Recent AI advancements may come at a huge cost to the environment, according to a new report by the Stanford Institute for Human-Centered Artificial Intelligence.
The report revealed that ChatGPT consumed the most energy of all AI models it reviewed, recording the highest carbon emissions and associated cost of training.
Models assessed included Gopher from DeepMind, Meta’s OPT, OpenAI’s GPT-3, and BigScience initiative’s BLOOM. Of all four, GPT-3 training released 502 metric tons of carbon, 20.4x higher than Bloom’s carbon release and 1.4x that of Gopher.
Besides the carbon emissions, GPT-3 consumed the most energy for its training, with 1,287 MWh.
In order to determine these metrics, researchers considered factors such as the energy efficiency of data centers used and the parameters on which AI models were trained. Apart from Gopher, all models in the study were trained on approximately 175 billion parameters.
Despite such results, the Stanford report noted that existing data is insufficient to say that further AI developments will definitively harm the environment. Indeed, it suggested that AI could even help optimize energy consumption.
AI can help tackle environmental challenges
Several organizations have researched how AI could play a role in addressing environmental challenges. The UN Environmental Program published a post on this very subject, noting that AI could make accessing and interpreting climate data easier, thereby aiding any climate efforts.
According to the coordinator of the UN Environment Program’s (UNEP’s) Digital Transformation sub-program David Jensen, AI’s contribution to tackling environmental issues “can be on a large scale – such as satellite monitoring of global emissions, or a more granular scale – such as a smart house automatically turning off lights or heat after a certain time.”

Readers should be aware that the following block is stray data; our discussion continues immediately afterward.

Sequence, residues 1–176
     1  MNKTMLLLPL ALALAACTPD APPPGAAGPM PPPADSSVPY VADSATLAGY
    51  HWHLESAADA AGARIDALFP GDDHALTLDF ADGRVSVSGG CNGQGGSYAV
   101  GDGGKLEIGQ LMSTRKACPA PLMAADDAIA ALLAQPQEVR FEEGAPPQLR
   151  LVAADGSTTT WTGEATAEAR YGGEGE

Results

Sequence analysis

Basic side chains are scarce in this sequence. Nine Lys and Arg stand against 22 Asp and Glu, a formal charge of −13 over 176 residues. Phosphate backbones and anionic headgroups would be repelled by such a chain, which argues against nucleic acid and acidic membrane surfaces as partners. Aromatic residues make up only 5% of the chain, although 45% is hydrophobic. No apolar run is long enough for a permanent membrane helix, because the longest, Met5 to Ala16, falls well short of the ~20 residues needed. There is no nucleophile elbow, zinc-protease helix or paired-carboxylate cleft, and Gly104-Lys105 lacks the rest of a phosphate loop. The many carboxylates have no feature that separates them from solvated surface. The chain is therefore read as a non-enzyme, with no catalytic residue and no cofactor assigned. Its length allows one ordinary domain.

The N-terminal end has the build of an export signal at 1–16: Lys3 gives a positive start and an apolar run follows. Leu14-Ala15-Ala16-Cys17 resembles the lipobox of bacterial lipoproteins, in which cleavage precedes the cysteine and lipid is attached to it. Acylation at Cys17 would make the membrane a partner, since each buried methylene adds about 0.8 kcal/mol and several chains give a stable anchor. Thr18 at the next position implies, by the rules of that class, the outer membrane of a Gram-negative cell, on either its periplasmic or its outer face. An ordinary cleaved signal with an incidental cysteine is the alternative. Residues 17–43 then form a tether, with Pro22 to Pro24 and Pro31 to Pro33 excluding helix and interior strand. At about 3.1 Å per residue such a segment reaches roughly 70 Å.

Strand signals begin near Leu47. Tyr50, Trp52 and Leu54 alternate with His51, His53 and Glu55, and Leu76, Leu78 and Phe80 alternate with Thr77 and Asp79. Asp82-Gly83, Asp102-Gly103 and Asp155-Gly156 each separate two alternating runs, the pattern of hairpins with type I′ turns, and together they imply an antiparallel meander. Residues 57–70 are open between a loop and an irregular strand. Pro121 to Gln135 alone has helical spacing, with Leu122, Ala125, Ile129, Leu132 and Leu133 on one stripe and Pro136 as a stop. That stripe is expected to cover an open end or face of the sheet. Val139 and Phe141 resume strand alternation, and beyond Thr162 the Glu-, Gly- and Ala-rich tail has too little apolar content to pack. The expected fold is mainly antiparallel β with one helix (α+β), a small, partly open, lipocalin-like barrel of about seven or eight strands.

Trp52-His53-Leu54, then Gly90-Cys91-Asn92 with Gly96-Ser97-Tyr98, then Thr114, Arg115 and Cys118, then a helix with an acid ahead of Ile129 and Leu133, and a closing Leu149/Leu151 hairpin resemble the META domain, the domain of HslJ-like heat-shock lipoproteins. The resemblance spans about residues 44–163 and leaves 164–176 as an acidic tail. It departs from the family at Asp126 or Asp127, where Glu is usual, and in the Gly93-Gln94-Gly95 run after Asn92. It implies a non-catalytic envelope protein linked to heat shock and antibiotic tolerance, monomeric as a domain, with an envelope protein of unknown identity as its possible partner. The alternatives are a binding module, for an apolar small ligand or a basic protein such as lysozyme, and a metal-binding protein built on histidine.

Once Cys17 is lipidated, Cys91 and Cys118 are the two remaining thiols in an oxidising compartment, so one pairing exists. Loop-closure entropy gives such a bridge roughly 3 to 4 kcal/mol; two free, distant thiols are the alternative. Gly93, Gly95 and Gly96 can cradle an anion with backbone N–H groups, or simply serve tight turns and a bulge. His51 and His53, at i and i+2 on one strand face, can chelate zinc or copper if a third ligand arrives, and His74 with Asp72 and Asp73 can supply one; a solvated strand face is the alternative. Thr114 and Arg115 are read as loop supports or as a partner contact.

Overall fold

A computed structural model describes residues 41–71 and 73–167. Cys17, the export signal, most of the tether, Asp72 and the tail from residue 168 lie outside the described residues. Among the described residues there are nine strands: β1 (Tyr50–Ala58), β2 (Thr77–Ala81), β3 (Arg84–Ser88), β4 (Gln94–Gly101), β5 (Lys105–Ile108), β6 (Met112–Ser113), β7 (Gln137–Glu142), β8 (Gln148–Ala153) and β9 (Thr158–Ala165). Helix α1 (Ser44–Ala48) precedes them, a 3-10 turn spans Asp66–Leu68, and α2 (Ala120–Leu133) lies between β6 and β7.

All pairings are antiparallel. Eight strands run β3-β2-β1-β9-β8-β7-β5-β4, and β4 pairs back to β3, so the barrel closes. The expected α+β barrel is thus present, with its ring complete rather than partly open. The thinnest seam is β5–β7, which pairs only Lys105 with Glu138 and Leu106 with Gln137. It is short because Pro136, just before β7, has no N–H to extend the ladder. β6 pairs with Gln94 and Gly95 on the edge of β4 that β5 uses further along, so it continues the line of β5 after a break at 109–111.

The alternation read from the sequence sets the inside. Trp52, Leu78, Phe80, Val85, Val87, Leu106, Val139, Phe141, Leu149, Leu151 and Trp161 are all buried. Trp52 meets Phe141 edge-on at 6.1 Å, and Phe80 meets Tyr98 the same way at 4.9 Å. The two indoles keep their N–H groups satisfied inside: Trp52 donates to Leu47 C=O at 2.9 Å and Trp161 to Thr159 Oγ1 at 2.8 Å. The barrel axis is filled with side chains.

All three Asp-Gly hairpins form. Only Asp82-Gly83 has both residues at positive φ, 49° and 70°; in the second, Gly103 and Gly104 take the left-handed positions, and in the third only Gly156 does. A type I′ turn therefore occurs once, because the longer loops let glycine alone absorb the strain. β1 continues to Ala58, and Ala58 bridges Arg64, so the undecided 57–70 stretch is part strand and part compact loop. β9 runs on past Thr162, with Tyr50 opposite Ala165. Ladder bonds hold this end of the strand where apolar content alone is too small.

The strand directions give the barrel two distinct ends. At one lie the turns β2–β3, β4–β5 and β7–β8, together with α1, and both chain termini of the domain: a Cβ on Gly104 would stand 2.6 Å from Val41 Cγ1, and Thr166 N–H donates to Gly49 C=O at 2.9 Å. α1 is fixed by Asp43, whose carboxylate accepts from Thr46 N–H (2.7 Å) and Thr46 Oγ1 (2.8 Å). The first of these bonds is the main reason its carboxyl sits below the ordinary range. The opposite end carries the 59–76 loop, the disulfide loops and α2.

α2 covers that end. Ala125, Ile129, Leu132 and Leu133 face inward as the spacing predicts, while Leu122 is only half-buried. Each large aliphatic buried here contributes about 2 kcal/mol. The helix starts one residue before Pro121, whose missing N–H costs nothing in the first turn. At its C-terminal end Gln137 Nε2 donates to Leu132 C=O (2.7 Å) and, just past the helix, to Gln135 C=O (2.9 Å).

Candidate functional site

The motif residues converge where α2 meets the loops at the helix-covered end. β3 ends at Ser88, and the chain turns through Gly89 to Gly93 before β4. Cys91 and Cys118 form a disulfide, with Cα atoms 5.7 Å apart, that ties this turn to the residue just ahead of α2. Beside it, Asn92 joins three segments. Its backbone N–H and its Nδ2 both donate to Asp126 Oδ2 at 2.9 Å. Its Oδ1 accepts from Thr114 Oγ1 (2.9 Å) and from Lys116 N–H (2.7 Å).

The European Commission also published a report as far back as 2019, acknowledging the various ways AI could help fight climate change. But it also added that there are environmental impacts.
Should we be concerned?
The focus on the environmental impact of AI is unsurprising given the attention paid to the sector of late. Many have criticized the pace of development, with at least one group calling for a pause on further advancement. Critics will likely point to the environmental costs as yet more reason for a moratorium.
Chat GPT came so fast we forgot to run the societal playbook on it, one step of which is criticizing its carbon footprint. I marvel at our collective ability to demonize blockchains on this and then stay mum on AI. So I asked Chat GPT about its impact. This is what I learned:
— professorstam.eth (@ProfessorStam) April 2, 2023
However, AI is not the first innovative technology criticized for its associated environmental costs. Cryptocurrencies, especially Bitcoin, attracted a fair share of criticism over their energy consumption.
Just as these early criticisms of crypto and Web3 led to more energy efficiency in the industry, many expect this to happen for the AI space too. Such efforts have already been christened “green AI” and “sustainable AI.” One study by PricewaterhouseCoopers suggests AI has the potential to deliver a global reduction in emissions of up to 4% by 2030 compared to business as usual.